"Trust is the biggest factor to take into account."

Toshio Naka, Managing Director of Havas Media Japan, chats about the art of communication, why knowing Japanese values is essential in business, and how to balance what’s best for your team and what’s best for the client.

 

So tell us about your background

I am a “returnee,” as they’d call it here, referring to those who were born [in Japan] and after spending a significant part of their life abroad, come back to a culture that is literally foreign to them. The multicultural background can be positive for someone who works in a global company and has to interact with people from all over the world and understand their customs and values. It has worked for me, and now I have been in the communications business for more than 30 years.

How would you describe your job to a five-year-old?

I am the big boss; you can come to me when you have big problems and don’t know what to do.

To an adult?

I am the big boss, who, you love and hate—but who will never leave you in times of trouble.

What’s the most interesting thing about working in Japan?

The art of communications—subtle, vague and indirect. You must communicate what you want and understand what the other person is trying to tell you, and come out of the meeting with full lucidity.

How is the Japanese buyer different from and similar to buyers in other major markets?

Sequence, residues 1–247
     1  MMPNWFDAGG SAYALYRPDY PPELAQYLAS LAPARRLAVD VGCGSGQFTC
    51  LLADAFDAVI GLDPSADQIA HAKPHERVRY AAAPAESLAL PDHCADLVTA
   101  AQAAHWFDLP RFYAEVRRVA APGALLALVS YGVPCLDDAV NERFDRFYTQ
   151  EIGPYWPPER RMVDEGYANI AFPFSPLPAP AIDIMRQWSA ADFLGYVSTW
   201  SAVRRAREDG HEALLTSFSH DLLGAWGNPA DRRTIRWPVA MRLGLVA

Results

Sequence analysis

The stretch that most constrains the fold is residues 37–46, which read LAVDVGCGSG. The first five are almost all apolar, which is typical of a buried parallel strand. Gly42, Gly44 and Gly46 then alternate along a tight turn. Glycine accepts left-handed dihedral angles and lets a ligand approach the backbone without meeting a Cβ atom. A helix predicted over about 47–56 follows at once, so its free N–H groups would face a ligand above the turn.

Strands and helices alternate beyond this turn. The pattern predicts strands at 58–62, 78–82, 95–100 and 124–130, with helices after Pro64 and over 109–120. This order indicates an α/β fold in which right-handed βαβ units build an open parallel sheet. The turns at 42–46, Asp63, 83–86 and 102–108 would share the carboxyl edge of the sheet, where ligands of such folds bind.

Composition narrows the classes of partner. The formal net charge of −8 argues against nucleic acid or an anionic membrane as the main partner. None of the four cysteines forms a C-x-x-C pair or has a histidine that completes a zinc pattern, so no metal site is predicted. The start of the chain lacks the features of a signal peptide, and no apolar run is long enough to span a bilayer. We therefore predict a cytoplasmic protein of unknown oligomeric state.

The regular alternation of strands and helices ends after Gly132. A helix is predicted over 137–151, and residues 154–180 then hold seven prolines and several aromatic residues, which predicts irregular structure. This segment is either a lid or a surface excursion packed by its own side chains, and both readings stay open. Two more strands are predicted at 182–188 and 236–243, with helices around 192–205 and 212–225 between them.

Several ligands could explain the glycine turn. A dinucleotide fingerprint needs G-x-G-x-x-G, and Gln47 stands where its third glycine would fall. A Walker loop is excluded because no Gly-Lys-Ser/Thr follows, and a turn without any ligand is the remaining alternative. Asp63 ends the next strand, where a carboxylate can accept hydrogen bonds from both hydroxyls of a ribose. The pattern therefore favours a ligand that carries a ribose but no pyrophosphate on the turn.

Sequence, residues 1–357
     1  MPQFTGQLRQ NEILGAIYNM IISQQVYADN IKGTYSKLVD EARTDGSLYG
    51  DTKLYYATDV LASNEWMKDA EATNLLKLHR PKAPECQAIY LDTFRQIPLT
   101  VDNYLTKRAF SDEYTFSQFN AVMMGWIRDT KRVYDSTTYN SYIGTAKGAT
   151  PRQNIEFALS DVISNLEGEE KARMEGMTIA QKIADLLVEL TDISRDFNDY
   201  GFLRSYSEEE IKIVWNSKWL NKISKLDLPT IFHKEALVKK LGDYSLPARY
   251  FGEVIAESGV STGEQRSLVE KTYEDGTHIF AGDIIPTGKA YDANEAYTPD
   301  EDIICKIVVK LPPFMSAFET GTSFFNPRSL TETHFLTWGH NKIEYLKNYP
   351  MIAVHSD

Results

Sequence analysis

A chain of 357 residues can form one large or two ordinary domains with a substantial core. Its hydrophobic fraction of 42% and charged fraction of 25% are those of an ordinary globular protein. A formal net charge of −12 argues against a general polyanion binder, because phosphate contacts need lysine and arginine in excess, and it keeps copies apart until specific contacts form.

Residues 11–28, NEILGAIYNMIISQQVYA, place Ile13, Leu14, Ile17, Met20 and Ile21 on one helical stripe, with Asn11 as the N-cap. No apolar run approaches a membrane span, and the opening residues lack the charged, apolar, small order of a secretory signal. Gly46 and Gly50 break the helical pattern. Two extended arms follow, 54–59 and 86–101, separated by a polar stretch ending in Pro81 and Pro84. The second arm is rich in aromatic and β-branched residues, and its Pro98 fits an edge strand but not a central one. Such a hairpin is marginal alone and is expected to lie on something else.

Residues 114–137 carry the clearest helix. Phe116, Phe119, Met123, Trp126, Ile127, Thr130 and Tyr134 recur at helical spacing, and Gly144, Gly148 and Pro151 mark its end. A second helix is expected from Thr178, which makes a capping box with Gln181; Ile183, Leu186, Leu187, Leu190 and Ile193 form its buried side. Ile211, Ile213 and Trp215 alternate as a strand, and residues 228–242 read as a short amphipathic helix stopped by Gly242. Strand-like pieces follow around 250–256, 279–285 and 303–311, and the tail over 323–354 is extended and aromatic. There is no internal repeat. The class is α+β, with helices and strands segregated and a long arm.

Trust is the biggest factor to take into account—whether it comes from endorsers (you will see so many actors, singers and other celebrities in ads in Japan), or from well-established big local companies (often the company names still override in value over brands). In recent years, more product-oriented stories begin to take over in more Western style, especially where innovation and technologies in the intrinsic values are sought—something the newer generations are more apt to receive.

"I let them do their thing; I have their backs."

What advice do you have for excelling in the Japanese market?

Don’t try to force Western values and methods without understanding Japanese culture first.

What is the most interesting part about working at Havas Media Japan?

Albeit being a very small-scale local operation, the missions undertaken are of global-scale impact. Everyone can’t help but feel the weight of every individual action.

Tell us about an epiphany that you’ve had in your career.

Every so often—and it still happens after so many years in the business—you come to a situation where you must choose between your employer and your client. You are building something precious with your client and feel that this extra step will no doubt bring the client something good—but at your company’s expense and in breach (though not in a grave manner) of your loyalty to your company (e.g., financially) What do you do? My answers are, when you are young and passionate, please the client—that’s with whom you’re really building your career. And when you are much older, and in a position to worry about P/L, then think otherwise.

What’s something that’s made you proud while working at Havas Media Japan?

The operation was built from scratch and was turned into one of the most profitable operations in APAC, and I am still standing here after 11 years.

How do you inspire your team?

I let them do their thing; I have their backs.

What advice do you have for those who are at the beginning of their careers?

Don’t get sucked into the more recent games of advertising, with KPIs, CPAs, and so on. If you do, you’ll lose sight of the genuine fun and art of the communications business. That should be what you joined this business for in the first place.